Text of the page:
The trouble with narratives without antagonists or a counterpoint to the central character—stories in which no one ever seems to be deciding anything or acting upon any motive except the search for a source of discontent—is that they tend formally to mirror the protagonists' unhappiness and confusion. Stories about being put-upon almost literally do not know what to look at. The visual details are muddled or indifferently described or excessively specific in nonpertinent situations. In any particular scene, everything is significant, and nothing is. The story is trying to find a source of meaning, but in the story everyone is disclaiming responsibility. Things have just happened.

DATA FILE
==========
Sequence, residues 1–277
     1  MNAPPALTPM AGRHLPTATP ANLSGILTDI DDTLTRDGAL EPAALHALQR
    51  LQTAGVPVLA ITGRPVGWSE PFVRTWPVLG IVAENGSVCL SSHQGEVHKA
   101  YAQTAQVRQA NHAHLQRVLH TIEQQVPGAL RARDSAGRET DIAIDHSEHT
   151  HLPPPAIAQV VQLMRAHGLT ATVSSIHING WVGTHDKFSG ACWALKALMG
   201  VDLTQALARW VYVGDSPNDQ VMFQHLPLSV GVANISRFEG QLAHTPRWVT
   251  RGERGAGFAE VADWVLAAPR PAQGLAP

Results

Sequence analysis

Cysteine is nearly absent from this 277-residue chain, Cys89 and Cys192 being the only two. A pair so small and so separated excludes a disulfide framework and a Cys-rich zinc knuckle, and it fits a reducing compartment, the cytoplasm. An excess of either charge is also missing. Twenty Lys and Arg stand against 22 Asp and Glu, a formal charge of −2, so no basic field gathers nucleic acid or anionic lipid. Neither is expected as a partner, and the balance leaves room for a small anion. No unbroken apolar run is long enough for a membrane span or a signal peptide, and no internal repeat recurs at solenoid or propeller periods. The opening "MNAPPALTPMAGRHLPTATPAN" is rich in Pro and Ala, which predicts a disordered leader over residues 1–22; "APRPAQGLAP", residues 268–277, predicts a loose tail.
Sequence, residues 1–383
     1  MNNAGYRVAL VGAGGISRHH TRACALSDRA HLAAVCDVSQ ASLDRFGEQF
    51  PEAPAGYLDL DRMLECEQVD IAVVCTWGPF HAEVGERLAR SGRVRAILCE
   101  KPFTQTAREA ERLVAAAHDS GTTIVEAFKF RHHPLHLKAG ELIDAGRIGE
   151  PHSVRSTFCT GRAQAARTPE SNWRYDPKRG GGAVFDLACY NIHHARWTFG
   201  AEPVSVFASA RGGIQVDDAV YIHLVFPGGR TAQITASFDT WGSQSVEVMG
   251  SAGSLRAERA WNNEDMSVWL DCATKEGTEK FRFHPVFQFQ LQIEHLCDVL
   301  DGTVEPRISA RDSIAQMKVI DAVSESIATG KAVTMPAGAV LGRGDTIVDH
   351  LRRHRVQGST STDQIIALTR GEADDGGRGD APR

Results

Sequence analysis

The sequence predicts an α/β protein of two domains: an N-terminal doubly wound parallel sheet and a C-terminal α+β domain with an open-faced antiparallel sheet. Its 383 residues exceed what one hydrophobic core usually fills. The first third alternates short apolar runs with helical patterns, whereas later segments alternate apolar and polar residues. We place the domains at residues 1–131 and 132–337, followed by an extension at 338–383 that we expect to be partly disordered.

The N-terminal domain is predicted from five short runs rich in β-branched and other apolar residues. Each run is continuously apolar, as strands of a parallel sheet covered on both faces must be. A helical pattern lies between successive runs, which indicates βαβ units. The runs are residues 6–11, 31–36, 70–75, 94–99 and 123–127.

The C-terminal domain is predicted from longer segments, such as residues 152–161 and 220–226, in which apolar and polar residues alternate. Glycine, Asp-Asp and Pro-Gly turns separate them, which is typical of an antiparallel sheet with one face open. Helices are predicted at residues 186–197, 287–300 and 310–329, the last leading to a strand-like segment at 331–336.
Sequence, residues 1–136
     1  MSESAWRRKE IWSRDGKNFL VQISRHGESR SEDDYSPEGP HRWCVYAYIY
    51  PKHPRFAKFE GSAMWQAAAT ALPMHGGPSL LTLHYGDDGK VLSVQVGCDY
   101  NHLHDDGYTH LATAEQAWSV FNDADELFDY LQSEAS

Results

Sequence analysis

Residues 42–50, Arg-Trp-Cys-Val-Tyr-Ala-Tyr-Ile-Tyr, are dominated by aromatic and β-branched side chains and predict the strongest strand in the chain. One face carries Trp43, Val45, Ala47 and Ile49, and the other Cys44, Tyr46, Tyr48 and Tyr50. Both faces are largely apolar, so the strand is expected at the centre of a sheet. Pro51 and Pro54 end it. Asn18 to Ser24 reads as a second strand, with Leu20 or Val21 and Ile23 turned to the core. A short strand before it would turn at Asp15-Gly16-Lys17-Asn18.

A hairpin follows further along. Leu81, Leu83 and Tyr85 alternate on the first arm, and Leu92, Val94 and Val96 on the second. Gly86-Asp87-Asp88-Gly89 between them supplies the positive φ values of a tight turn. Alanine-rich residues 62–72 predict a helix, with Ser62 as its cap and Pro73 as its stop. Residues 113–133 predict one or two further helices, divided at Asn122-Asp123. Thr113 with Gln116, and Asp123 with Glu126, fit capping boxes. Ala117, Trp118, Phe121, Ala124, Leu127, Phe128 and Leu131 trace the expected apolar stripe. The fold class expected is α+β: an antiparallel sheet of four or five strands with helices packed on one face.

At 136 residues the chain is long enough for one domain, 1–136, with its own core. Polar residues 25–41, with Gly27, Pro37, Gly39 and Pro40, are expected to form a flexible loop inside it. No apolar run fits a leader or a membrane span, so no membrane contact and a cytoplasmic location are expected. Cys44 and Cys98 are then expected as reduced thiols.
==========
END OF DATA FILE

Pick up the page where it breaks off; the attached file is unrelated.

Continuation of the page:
From Charles Baxter, "Dysfunctional Narratives: or: 'Mistakes Were Made'" in Burning Down the House: Essays on Fiction (1997).